Gear Guy

Is a soft-shell jacket the right choice for downhill skiing?

What's your take on the soft-shell craze if the activities are both ascent and descent in nature? In other words, I very interested in the breathability for aerobic activities, but concerned about warmth for activities like downhill skiing. Question is, can I have my cake and eat it too? Second, if I can have it both ways, what is your first choice and why? Brad Peacock Medina, Ohio


For exclusive access to all of our fitness, gear, adventure, and travel stories, plus discounts on trips, events, and gear, sign up for Outside+ today.

Soft shells are all the rage. But there’s a huge amount of confusion about what they are and what they are supposed to do, and I stand with pride among those who have sown said confusion.

Here’s the deal: Perfectly realized, a soft-shell garment is supposed to keep you pretty dry, pretty warm, and pretty sweat-free in as wide a range of conditions as possible. But the category is breaking down along two lines. On the one hand are garments using Schoeller’s Dryskin fabrics. Among them: Cloudveil, with its Icefloe Jacket ($295), and L.L. Bean, in its Schoeller Guide Pants ($125). These are best thought of as a lightweight shells, very breathable and windproof, highly water resistant, and comfortable across a wide temperature range.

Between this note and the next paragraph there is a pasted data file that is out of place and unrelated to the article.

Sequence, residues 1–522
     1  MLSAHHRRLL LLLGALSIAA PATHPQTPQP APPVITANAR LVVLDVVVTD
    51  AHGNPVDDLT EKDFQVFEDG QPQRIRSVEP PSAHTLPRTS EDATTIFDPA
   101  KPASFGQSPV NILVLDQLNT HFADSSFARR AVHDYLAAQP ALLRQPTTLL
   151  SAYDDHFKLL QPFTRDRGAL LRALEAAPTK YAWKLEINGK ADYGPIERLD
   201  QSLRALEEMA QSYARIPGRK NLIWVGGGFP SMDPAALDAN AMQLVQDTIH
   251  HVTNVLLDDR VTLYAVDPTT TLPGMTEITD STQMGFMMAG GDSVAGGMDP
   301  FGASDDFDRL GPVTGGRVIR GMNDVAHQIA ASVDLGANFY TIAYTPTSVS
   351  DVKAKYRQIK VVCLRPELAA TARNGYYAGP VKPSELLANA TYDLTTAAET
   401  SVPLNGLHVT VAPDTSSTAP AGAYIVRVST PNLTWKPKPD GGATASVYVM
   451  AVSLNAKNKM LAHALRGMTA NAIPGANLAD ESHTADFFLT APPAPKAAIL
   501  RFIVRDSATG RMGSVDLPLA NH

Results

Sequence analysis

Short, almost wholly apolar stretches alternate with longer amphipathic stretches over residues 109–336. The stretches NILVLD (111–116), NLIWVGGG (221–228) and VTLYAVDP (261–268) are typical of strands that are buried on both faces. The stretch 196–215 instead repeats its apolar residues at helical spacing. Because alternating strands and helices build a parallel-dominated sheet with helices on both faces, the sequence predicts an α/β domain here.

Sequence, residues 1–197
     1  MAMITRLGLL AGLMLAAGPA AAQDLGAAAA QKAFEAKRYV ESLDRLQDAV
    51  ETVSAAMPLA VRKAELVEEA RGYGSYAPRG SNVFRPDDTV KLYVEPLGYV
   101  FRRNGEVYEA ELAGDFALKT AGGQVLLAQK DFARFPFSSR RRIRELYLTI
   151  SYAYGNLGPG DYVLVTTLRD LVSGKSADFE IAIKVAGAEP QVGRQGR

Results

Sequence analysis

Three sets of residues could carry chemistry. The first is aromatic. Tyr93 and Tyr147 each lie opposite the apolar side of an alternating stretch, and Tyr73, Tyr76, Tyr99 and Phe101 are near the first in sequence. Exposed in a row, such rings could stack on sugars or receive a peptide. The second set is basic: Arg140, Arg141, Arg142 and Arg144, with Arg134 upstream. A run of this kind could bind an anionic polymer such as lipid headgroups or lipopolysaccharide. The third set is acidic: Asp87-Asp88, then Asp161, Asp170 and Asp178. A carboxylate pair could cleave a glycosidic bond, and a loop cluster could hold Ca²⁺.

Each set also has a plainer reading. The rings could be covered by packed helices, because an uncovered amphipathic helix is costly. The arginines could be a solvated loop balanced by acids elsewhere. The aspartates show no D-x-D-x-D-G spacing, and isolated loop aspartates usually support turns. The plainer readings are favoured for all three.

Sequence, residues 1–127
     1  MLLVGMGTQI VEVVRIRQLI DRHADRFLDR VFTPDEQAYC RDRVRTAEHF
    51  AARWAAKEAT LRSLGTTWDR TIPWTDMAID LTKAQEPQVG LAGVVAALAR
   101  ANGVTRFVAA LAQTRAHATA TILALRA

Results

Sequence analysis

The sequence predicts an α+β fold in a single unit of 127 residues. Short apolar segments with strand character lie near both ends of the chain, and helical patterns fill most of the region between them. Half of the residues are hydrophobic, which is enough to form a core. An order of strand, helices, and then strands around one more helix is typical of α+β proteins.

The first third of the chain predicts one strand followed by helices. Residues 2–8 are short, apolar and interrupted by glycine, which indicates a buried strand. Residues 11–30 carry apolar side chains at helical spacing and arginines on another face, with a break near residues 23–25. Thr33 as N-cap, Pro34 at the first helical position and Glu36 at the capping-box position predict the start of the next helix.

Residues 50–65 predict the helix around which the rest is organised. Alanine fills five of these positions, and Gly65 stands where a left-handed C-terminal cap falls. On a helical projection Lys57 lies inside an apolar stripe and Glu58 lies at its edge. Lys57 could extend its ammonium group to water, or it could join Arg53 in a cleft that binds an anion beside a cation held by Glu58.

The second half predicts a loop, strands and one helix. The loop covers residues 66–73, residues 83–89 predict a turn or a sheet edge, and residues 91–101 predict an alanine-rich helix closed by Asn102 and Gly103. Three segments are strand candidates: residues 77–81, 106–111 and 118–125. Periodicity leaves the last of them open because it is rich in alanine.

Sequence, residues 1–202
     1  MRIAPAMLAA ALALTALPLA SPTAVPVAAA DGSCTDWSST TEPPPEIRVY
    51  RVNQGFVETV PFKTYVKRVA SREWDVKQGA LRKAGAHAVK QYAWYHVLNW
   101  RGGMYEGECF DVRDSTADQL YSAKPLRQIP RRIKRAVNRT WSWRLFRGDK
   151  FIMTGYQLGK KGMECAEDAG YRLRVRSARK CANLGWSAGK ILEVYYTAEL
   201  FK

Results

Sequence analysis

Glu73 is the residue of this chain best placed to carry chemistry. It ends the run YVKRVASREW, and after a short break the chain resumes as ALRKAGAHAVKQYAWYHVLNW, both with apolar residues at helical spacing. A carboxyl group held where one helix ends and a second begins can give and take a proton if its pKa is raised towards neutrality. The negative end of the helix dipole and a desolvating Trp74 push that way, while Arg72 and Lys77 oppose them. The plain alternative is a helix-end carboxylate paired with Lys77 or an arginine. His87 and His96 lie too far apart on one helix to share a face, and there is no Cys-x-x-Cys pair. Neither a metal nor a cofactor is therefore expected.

Taking a slightly different tack is Polartec and its Powershield fabric, which is a light fleece layer bonded to a tough, water-resistant outer layer. It’s definitely warmer than the Schoeller stuff, but that means it’s not quite as comfortable when it warms up. I have a Cannondale jacket made with Powershield that I use for bicycling. Anywhere from 25 to 40 degrees, I put that on over a light synthetic T-shirt and I am good to go, uphill or downhill, even in light rain. But the stuff isn’t quite as water-resistant as Dryskin, and takes longer to dry once it wets out.

I could be persuaded that either approach would work well for skiing. The Dryskin would make a great light shell that may require some layering, while the Powershield would make a terrific stand-alone jacket worn over a very light wicking layer. Not too many companies are using it yet, but it’s starting to catch on — in addition to the Cannondale Thermal ($185), Arc’Teryx makes a piece called the Gamma SV ($240) that uses Powershield. I’d like to see some ski companies step up and do something with it, too.

promo logo